Welcome Montenegro – Connecting NATO's newest Ally

By Livia Majercsik 6/15/2017

 

As Montenegro became NATO's newest Member Country this June, the NCI Agency connected the Balkan Nation to the rest of the Alliance.

As Montenegro became NATO's newest Member Country this June, the NCI Agency connected the Balkan Nation to the rest of the Alliance.

It was the Agency's responsibility to ensure that Montenegro's capital Podgorica would have a direct link to NATO's political and operational hubs, the NATO Headquarters in Brussels, and Supreme Headquarters Allied Powers Europe (SHAPE) in Mons, Belgium.

Jonathan Copner, who managed the 'CIS for Montenegro Accession' project, explained that every new Ally is offered a 'Welcome Package' when they gain membership. This includes basic CIS capabilities that are required to participate in NATO consultations.

However, Montenegro was a special case.  "Most of the Nations that have joined so far have had their own national capabilities, and all we have done is establish a gateway to allow their secret networks to interconnect with NATO, and then they handled the rest of it.

Montenegro is slightly different. Being a small Nation, it doesn't currently have its own secret network capabilities. So we proposed a multiple phase approach for Montenegro."

Sharing NATO expertise

The Agency provided a basic secret Communications and Information System (CIS) to Montenegro, as well as two Air Command and Control capabilities integrating NATO's new member in the Allied air picture.

"The first phase was to simply extend NATO services, to provide them with a basic capability. So, we didn't interconnect their own networks, what we did was extend NATO's secret network to a limited number of positions in Montenegro within the Ministry of Defence, the Ministry of Foreign Affairs, and their Air Operations Centre."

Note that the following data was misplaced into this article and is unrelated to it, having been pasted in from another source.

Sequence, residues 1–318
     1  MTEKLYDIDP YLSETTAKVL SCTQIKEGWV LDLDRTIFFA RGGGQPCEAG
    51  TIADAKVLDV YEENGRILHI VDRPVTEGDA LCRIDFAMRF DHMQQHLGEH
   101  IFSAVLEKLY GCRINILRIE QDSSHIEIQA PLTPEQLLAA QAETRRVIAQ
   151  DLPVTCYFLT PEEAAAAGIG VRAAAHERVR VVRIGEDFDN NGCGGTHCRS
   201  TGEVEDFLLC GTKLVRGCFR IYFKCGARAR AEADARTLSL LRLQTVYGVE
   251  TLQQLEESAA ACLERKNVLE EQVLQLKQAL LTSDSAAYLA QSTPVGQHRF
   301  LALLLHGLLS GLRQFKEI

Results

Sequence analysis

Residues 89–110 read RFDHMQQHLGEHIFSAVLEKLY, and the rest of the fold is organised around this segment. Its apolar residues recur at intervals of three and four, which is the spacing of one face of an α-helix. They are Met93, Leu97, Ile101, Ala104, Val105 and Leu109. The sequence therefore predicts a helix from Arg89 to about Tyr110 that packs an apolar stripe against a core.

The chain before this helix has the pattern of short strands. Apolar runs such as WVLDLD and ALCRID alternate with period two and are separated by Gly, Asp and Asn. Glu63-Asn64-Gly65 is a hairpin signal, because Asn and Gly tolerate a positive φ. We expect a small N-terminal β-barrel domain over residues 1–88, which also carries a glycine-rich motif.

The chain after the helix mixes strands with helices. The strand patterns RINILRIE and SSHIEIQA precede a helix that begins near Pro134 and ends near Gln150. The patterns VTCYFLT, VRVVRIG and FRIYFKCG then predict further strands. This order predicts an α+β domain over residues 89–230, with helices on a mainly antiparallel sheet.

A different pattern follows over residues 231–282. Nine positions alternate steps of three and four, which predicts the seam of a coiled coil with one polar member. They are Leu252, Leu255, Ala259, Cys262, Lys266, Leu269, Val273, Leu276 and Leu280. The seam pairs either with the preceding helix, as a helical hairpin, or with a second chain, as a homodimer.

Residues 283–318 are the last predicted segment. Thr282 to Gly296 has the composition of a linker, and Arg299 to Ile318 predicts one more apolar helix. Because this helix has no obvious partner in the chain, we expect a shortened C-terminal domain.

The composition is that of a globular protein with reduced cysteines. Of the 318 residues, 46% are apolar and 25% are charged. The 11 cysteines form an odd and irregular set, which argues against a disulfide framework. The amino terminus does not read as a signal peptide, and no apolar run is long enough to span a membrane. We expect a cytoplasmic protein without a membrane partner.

It only took several weeks for the 29th Ally to be ready to participate in NATO consultations, but the Agency's support didn't end there. NATO's newest member is already preparing a request to extend this initial setup with further workstations and sites.

"The Welcome Package was funded by NATO, but Montenegro is responsible for paying the Agency's ongoing support costs. So, NATO paid for the entry points, but all further capability development will be funded by the Nation itself.

When conditions are right and when Montenegro is ready to support its own national secret network, the Agency will deliver the second phase of the project.

This will allow Montenegro to transition to the model used by other NATO Nations.

For now  we have no anticipated date for the second phase, we will take our cue from the Nation."

The Project Team has been working with Montenegro since last year to ensure a smooth transition from Partner to Member Country.  

Continuous support

"My first involvement with Montenegro was in September 2016, with initial site surveys and participation in an ongoing Accession and Integration Working Group. These Working Group meetings have been taking place throughout the last two years, and will continue after the accession, because

 

it is not only about establishing Montenegro within NATO, but also looking at developing their capabilities, and integrating them as they move forward. Accession is only the first step of that" ,

Mr Copner added.

"We received the project authorization in November 2016, and delivered the CIS required for accession ahead of the formal ceremony.  The project was delivered on time and within budget."

Montenegro became a full member on 7th June 2017, but the journey of defence capability development is just beginning.

"It became clear that we needed to share with Montenegro our experience and NATO's best practices for protecting CIS, in terms of understanding the NATO policies and procedures for secure networks.

We have spent a lot of time working together on the procedural level. A representative of Allied Command Operations and myself headed back to Montenegro on the week of their accession to ensure that all went smoothly and to be certain that, before the secure networks went live, all of NATO's various security requirements were met."

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